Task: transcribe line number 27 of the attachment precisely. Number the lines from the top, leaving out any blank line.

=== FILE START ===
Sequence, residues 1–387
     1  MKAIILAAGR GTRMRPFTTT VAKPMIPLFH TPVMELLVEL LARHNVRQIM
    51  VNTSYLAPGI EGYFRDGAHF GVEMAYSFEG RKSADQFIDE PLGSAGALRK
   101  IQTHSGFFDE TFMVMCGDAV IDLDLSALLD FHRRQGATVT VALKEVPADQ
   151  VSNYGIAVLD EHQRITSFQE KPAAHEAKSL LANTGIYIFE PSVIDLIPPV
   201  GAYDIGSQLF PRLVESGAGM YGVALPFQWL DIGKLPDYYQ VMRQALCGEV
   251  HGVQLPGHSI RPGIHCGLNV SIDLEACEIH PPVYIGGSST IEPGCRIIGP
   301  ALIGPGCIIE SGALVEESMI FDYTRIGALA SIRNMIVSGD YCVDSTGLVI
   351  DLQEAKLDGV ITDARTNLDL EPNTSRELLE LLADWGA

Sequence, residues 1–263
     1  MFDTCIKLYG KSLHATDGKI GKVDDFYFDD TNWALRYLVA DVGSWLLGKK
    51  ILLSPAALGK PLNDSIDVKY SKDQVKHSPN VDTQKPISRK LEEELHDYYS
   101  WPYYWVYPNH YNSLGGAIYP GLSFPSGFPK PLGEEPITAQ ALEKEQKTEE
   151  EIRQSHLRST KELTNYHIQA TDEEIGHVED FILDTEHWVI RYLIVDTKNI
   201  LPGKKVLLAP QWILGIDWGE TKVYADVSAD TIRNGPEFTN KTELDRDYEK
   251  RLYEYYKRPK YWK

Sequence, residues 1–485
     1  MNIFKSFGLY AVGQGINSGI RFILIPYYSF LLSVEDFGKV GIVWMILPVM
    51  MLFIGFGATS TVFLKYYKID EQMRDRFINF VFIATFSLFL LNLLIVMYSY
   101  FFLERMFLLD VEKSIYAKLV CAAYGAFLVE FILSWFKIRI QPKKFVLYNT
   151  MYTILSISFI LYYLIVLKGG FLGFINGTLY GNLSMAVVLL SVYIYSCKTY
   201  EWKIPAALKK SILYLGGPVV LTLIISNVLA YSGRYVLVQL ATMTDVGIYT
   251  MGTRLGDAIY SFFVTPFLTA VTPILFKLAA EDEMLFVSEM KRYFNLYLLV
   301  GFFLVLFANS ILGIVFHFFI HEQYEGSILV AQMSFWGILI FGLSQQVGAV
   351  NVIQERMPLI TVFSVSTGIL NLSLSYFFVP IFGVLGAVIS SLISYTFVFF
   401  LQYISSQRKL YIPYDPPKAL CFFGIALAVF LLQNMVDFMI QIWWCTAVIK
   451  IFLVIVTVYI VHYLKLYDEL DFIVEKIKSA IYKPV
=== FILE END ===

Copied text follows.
   451  IFLVIVTVYI VHYLKLYDEL DFIVEKIKSA IYKPV